Hinduism is the predominant and indigenous religious tradition of South Asia. Hinduism is often referred to as Sanātana Dharma, a Sanskrit phrase meaning "the eternal law," by its adherents. Generic "types" of Hinduism that attempt to accommodate a variety of complex views span folk and Vedic Hinduism to bhakti tradition, as in Vaishnavism. Hinduism also includes yogic traditions and a wide spectrum of "daily morality" based on the notion of karma and societal norms such as Hindu marriage customs.
- The three-in-one god known as "Brahman," which is composed of: Brahma (the creator), Vishnu (the Preserver), and Shiva (the Destroyer).
- The Caste System.
- Karma. The law that good begets good, and bad begets bad. Every action, thought, or decision one makes has consequences – good or bad – that will return to each person in the present life, or in one yet to come.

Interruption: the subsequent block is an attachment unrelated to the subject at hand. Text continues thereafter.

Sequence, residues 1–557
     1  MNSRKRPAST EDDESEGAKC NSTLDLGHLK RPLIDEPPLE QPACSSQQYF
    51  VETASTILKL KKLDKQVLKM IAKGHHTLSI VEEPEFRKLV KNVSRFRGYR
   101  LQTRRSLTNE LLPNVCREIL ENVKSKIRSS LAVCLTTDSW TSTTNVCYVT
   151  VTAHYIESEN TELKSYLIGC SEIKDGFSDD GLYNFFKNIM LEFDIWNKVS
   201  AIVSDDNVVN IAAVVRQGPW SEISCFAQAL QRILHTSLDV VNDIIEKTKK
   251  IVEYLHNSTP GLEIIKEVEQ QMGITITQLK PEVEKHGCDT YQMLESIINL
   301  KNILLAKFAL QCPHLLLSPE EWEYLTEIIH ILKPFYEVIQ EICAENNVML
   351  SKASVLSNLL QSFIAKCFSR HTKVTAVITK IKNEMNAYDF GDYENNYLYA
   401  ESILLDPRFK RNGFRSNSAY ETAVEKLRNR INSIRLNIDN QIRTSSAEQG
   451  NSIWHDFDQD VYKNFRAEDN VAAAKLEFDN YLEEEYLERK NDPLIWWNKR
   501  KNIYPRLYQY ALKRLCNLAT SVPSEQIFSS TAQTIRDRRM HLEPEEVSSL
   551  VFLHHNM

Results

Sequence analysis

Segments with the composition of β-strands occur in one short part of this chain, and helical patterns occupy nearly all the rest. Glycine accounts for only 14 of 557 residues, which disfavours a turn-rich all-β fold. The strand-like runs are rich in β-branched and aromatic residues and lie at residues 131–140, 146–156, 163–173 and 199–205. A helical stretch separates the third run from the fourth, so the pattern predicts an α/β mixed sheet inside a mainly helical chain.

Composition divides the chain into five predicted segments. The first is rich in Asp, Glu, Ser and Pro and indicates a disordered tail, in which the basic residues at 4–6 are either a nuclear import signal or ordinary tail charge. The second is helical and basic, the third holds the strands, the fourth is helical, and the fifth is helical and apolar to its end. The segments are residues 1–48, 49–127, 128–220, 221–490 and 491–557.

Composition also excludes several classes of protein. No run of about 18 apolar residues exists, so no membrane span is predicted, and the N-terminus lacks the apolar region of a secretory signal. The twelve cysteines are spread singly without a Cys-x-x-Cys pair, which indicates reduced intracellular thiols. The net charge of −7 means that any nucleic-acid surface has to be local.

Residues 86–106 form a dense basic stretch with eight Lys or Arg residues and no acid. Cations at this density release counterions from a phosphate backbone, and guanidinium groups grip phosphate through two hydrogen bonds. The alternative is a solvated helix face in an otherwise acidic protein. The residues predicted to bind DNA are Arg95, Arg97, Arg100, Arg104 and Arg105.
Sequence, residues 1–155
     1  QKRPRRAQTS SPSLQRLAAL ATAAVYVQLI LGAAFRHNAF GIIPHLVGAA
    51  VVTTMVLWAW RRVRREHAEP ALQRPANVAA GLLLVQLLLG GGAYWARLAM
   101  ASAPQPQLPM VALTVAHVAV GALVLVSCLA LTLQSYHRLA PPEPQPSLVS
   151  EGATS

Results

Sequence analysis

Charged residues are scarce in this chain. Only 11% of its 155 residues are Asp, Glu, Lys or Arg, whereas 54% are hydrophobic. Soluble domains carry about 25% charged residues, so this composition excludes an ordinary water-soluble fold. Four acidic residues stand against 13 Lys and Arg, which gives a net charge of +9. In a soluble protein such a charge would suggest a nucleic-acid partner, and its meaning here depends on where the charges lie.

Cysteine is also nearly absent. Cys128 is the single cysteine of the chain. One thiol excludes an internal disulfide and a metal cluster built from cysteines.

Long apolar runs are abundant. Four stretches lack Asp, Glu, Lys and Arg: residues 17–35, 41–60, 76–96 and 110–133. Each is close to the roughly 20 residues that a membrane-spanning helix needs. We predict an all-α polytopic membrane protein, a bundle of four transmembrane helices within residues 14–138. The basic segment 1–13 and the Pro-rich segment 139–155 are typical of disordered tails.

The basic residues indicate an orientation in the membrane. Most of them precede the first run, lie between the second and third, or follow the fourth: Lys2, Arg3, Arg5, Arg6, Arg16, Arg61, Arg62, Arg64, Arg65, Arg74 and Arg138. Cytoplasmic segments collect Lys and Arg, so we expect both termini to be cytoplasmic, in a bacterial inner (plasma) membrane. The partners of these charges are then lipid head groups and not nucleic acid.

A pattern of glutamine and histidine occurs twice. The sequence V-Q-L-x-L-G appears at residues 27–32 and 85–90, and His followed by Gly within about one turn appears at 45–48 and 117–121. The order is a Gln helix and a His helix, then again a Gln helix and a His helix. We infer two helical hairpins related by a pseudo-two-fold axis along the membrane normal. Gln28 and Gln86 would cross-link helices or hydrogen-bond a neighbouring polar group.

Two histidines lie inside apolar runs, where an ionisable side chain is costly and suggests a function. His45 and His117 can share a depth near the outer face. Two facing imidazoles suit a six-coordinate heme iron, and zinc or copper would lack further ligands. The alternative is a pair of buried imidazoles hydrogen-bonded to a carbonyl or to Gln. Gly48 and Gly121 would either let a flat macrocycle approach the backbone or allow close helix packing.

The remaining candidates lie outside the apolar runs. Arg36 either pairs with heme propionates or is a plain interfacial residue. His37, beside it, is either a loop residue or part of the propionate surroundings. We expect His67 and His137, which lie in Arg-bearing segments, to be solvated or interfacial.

- Reincarnation. Also known as "transmigration of souls," or "samsara." This is a journey on the "circle of life," where each person experiences as series of physical births, deaths, and rebirths. With good karma, a person can be reborn into a higher caste, or even to godhood. Bad karma can relegate one to a lower caste, or even to life as an animal in their next life.
- Nirvana. This is the goal of the Hindu. Nirvana is the release of the soul from the seemingly endless cycle of rebirths.